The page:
The story of American Presbyterian missionary to India Joseph Owen (1814-1870) is a fascinating and inspiring tale. It is told in a biographical sketch by William Rankin, Jr. in Memorials of Foreign Missionaries of the Presbyterian Church, U.S.A. and in a full-length biography by James Clement Moffat ("his earliest and dearest friend"), The Story of a Dedicated Life.
Born in Bedford, New York, Joseph Owen completed his undergraduate studies and theological training at Princeton. In 1840, after being appointed a missionary in the service of the Presbyterian Board of Foreign Missions, he sailed to India by way of Boston, Massachusetts, and around the Cape of Good Hope. He would spend the next 28 years of his life serving the Presbyterian Church in Northern India, in Allahabad. His commitment to the missionary cause of Jesus Christ was rock solid, but the pains of separation from family and friends were deep.
"Dedication to missionary work had become a part of himself. It had ceased to be a question before his mind. As such it had been closed up long ago, never more to be opened. It was the decree of God for him. He knew that it would cost self-denial. But his mind was made up for self-denial. What it would cost was no longer to be considered. He had summed up all that when he gave himself to the Lord. Nor was this separation from all he loved most dearly upon earth designed to be temporary. In his view it was final. The devotion of himself was without reserve. It was to live and die in his work" (Moffat, p. 8).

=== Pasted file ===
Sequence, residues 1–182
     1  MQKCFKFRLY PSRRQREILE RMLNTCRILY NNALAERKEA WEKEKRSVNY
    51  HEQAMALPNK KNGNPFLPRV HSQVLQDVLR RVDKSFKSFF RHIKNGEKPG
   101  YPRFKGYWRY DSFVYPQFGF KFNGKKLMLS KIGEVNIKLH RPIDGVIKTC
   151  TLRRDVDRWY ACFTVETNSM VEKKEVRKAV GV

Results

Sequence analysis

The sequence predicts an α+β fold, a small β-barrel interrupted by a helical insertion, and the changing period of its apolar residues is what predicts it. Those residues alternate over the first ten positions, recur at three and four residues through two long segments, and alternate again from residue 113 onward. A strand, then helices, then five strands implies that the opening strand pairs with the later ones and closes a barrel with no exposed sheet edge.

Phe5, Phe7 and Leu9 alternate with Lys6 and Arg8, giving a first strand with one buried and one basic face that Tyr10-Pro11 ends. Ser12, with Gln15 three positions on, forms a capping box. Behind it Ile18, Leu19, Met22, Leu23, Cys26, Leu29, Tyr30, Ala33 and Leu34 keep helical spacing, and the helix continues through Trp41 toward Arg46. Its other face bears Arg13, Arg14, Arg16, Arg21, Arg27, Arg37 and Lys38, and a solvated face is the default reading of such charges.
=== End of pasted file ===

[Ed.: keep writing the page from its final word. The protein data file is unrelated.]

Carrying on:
While in India, besides his preaching endeavors, he also completed an edition of the Old Testament in Hindi, and commentaries on Isaiah and the Psalms in the Urdu language (as a student at Princeton in Biblical literature and Oriental languages "he earned the highest commendations of Dr. Joseph Addison Alexander"). He married twice during his time in India, and when his course was finished, he left behind two children as well. In 1869, he determined to leave India for a short time in order to visit Europe and America with a plan to return to India to spend the remainder of his days. It was in Edinburgh, Scotland, however, before ever returning to America, that he became sick with dysentery and ultimately passed away on December 4, 1870, in the presence of Dr. Robert S. Candlish. He conveyed his final warmest regards to the flock he left behind in Allahabad: "Tell them to be steadfast, unmovable, always abounding in the work of the Lord, not seeking merely after worldly advancement, but seeking first the service of Christ." "Tell them that I have never for a moment regretted that I went as a missionary. I only regret that I was not more faithful."
So closed the chapter on a dedicated missionary servant of the Lord Jesus Christ whose name is barely known today, although it is written in the precious Book of Life. Get to know his story in the writings of Moffat and Rankin because it is the story of an ordinary man who performed extraordinary service for the kingdom of God in the land of India.